25: Semovente da 149/40 Assault Gun - U.S. Army Artillery Museum, Fort Sill, Lawton, Oklahoma, USA (Until November 2010)
26: Schneider Tank - Museé Des Blindés, Saumur, Anjou, Maine-et-Loire, France (Seen in 1983 but gone by 2001)
27: Saint Chamond Tank - Museé Des Blindés, Saumur, Anjou, Maine-et-Loire, France (Seen in 1983 but gone by 2001)
28: Canon de 194 mle GPF Self-Propelled Howitzer - U.S. Army Artillery Museum, Fort Sill, Lawton, Oklahoma, USA (Until ca 2012)


[Note: As a result of the BRAC ‘base realignment’ process a large proportion of the vehicles at APG have been transferred to other bases and museums. This listing was originally compiled during the 1980s and is being updated in line with the changes that have taken place. In the meantime if you are planning to visit APG you should contact the base for the latest information first, particularly regarding any security restrictions on visitors.]

The U.S. Army Ordnance Museum, at Aberdeen Proving Ground, is located approximately half-way between Baltimore and Philadelphia and can be reached from either by following Interstate 95 (the Kennedy Highway) or Route 40 (the Pulaski Highway). It originated with the Calibre Board of 1918. This was convened in France to evaluate the lessons learned in World War I regarding the use of artillery and to make recommendations about future policies concerning its development by the U.S. Army. To do this all kinds of artillery equipment were shipped to Aberdeen Proving Ground for technical evaluation. A repository was organised there to store and catalogue the various items acquired from France and other sources. In the 1920s the decision was made to expand the museum's collection from purely artillery equipment to include small arms, military vehicles and armoured fighting vehicles, aircraft bombs and fire-control equipment.
The collection continued to grow until 1940 when the U.S. Armed Forces were rapidly expanded and the museum building was taken over for classroom use. The collection was stored out of doors where it quickly deteriorated until most of it was scrapped in 1942. In September of the same year a Foreign Materiel Section was established to study and report on foreign equipment, enormous amounts of which were forwarded to Aberdeen for evaluation and later became the nucleus of the post-war museum collection. The Foreign Materiel Board was disestablished soon after the end of hostilities but the museum section survived and became known as the Aberdeen Proving Ground Museum.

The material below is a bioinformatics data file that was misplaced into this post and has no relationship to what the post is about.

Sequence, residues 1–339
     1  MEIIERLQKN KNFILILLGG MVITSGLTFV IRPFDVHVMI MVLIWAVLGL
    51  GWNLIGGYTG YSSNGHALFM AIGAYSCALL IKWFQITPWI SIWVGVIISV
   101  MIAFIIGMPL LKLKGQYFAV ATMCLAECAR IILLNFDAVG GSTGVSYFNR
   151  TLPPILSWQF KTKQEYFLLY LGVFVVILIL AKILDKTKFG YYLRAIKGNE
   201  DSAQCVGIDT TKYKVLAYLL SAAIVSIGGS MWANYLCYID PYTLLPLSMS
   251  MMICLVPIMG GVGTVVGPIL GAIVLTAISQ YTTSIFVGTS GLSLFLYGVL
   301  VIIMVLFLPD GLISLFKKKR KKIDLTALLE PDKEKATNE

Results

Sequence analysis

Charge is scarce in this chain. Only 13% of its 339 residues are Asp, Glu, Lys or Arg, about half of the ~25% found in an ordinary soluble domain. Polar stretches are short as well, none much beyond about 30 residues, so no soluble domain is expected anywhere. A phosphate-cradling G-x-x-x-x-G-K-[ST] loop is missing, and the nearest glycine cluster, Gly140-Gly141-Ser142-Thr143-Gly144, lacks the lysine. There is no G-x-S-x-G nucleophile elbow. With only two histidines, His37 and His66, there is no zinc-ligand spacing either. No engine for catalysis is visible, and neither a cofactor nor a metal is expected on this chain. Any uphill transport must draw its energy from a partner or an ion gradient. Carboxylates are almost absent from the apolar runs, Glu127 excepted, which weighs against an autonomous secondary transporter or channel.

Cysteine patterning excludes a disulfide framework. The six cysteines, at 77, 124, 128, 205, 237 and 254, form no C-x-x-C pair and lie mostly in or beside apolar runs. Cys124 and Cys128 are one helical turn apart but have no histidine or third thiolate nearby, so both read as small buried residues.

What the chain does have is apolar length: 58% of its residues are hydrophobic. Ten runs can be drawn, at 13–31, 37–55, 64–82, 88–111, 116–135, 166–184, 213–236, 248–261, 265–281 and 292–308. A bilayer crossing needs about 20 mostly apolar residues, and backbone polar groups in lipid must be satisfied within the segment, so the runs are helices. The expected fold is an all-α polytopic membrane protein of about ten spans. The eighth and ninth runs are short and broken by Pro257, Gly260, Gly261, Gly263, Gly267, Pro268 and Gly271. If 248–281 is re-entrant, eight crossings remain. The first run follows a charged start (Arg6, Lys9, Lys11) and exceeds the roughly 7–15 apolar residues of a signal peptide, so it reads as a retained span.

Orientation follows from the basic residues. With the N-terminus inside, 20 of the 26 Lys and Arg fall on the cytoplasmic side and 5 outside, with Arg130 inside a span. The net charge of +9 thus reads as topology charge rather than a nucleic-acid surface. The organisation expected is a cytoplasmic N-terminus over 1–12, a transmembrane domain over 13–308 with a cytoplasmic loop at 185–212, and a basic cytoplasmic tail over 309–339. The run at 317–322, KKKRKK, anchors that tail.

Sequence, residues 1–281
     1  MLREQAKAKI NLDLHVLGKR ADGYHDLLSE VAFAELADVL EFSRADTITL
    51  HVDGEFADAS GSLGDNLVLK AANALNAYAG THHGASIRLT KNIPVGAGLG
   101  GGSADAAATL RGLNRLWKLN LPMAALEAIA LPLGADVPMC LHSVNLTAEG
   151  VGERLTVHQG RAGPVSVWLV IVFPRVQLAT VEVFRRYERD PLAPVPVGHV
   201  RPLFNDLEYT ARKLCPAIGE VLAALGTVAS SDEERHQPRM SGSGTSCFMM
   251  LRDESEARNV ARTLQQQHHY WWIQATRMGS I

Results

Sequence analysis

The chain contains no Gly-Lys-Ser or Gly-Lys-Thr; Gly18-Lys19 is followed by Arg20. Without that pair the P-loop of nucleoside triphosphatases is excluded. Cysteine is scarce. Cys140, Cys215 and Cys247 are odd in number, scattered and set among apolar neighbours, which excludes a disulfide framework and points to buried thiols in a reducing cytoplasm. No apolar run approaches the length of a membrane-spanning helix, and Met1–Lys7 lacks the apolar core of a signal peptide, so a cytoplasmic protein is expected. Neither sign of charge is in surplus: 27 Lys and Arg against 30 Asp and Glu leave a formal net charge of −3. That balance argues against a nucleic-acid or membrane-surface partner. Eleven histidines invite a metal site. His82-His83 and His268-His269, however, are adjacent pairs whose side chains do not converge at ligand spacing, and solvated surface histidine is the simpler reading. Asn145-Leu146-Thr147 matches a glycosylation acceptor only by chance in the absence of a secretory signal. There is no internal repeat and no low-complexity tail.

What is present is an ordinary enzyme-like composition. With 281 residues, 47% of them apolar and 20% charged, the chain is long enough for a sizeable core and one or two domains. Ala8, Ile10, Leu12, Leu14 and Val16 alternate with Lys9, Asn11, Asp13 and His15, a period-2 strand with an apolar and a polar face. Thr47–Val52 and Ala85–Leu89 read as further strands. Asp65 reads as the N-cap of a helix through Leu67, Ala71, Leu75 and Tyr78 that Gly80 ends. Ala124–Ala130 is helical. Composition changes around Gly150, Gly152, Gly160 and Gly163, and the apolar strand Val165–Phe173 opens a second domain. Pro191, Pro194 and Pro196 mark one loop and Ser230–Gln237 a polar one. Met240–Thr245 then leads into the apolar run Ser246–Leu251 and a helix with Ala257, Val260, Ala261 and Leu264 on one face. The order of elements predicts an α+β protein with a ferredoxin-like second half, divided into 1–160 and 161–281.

In 1962 when the U.S. Army underwent a major reorganisation the museum became an element of the U.S. Army Ordnance Center and School. Its purpose was to support the various courses on Ordnance offered to military students and to use its collection to support Department of Defense research and development projects and intelligence studies.

Location Images - Photographs and NavPix (click to expand or browse)

October 2012

Some of the vehicles left behind in the display park since the BRAC transfers
1: Some of the vehicles left behind in the display park sin...

Taken: 1 October 2012
Contributor: R.S. Eshleman
Location Photo ID: 879
Added: 5 January 2014
Views: 253
Has Priority: 0
    

    

    

July 1983

Ordnance Museum building
2: Ordnance Museum building

Taken: 9 July 1983
Contributor: T. Larkum
Location Photo ID: 130
Added: 31 August 2009
Views: 140
Has Priority: 0
    

 

Display park
3: Display park

Taken: 9 July 1983
Contributor: T. Larkum
Location Photo ID: 15
Added: 23 May 2009
Views: 345
Has Priority: 0